Green Boom

Energy-Guzzling America Goes for Renewables

Wind is a huge part of a growing American movement toward renewable energy. Source AP
  • Why it matters

    Why it matters

    The United States offers interesting alternatives to the German approach to energy and environmental policies.

  • Facts


    • The laissez-faire energy policy in the United States is driving a rapid move away from traditional energy sources toward a greater use of wind, sun and water power.
    • A growing number of American states offer incentives to individuals and businesses investing in renewable energy sources.
    • Elon Musk is among the new-age entrepreneurs who are betting big on solar power.
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The Indianapolis 500 is a mad race in which open-wheeled cars zoom around the famous 2.5-mile oval Indianapolis Motor Speedway at speeds averaging 187.4 miles per hour (301.6km/h) for about three hours in the quest for victory. You’d be forgiven for thinking environmental issues are not a priority here, but the almost half-million spectators who attend see more than just fast cars and skilled drivers. They also see the future.

The largest solar farm in the world is located within the racing complex.

The solar farm is not just a nice environmental footnote for inclusion in the speedway’s annual report. It’s part of a growing American movement toward renewable energy utilizing sun, wind and water power to drive U.S. environmental statistics into the green.

We see another picture on this side of the Atlantic Ocean. Americans ruin the environment with their new energy extraction method of fracking. They sneer at fears of global warming. Oil sources in the Gulf of Mexico are sputtering while natural gas streams out of large shale deposits in Pennsylvania or Texas.

What we overlook is the magnitude of the growth of renewable energies within the United States.

Americans don’t follow the German model. If the wind doesn’t blow or the sun doesn’t shine, traditional power plants step up, but they are usually using environmentally friendlier natural gas, largely generated by fracking, while in Germany the alternative is generally coal.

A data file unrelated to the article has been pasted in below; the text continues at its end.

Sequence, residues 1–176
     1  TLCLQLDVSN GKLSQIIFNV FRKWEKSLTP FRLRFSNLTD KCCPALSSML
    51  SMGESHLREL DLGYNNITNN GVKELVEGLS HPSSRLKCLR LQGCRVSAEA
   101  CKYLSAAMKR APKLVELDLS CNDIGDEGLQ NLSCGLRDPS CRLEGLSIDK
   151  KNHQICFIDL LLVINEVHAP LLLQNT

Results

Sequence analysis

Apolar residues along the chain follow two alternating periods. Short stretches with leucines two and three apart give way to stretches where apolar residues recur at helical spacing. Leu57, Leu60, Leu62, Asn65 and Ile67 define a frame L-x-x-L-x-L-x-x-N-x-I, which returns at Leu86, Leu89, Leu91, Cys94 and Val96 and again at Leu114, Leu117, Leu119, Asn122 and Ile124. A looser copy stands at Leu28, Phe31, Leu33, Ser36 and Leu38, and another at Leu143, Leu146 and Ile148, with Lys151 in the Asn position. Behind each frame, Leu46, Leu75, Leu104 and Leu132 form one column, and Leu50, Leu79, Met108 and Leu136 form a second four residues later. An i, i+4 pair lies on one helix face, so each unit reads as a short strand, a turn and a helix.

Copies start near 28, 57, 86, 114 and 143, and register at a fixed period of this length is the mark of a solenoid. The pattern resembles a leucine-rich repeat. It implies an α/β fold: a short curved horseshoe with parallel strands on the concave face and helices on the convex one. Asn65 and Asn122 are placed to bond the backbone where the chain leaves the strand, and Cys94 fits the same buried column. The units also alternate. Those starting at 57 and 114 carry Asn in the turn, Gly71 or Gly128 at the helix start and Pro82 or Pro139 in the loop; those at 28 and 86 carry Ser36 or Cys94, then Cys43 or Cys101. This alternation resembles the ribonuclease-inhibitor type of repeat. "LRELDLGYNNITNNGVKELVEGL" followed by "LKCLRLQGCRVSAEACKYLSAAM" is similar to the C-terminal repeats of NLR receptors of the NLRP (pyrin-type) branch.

What we overlook is the magnitude of the growth of renewable energies within the United States.

It’s a bitter irony. Germany – with its lofty environmental ideals – generates increasing amounts of carbon dioxide (CO2), while the laissez-faire America emerges as the model in the fight against global climate change. It’s time not only to readjust our clichéd attitudes toward the United States as an energy gobbling hog, but also to look at what the country offers in the way of interesting alternatives to the German approach in energy and environmental politics.

The July statistics are not outliers. Throughout the year, renewable energy sources have grown stronger against than fossil fuels, while not a single coal-fired power plant was put into operation. Many U.S. states support alternative energies with subsidies. In California, for example, there is a “solar initiative” and a feed-in tariff similar to the one embraced in Germany, where providers must include green electricity in their networks. That ambitious effort remains the exception, though a few other states including Maine, Oregon and Washington are also working on a similar efforts.

Green energy will be built differently in America than in Germany. In a quarter of the land surface, the wind blows strongly enough to produce relatively inexpensive electricity from windmill farms. Already, states such as Iowa and South Dakota are generating more than 20 percent of their energy needs with wind power. Siemens AG has built the largest earthbound wind power plant in the world in Iowa.

There is similar story to tell about solar energy in America. Arizona, California and Colorado –three states where sunshine is abundant—already possess the highest solar capacities when measured by the number of inhabitants it serves. Overall, solar capacity in the United States has increased by a factor of 130 to the current 13,000 megawatts.

Companies such as Solarcity play a key role. Elon Musk, the entrepreneur behind the PayPal electronic payment system, rocket designer Space X and electric cars manufacturer Tesla Motors, has placed his bets on the sun and is chairman of Solarcity. The company finances the installation of roof-mounted solar modules for homeowners, businesses and government agencies, which then lower their electricity expenses. Power generated can be used on site or funneled for profit into the power grid.

The percentage of renewable energy used in electricity production in the United States has increased from just 4.1 percent to 12.9 in the past 10 years. And while America produces less green electricity than Germany, the number is expected to keep rising as prices for solar module and wind power wheels keep falling. Ernest Moniz, U.S. secretary of energy, believes use of renewable energy for electricity production could double in just a few years and, perhaps, reach 30 to 40 percent by 2030, which would allow the U.S. to overtake Germany in its use of green power.

That’s an optimistic, but not utopian estimate. America is proving that going green not only serves the environment, but can create new industries and drive new technologies without costing the billions paid by German electricity users.


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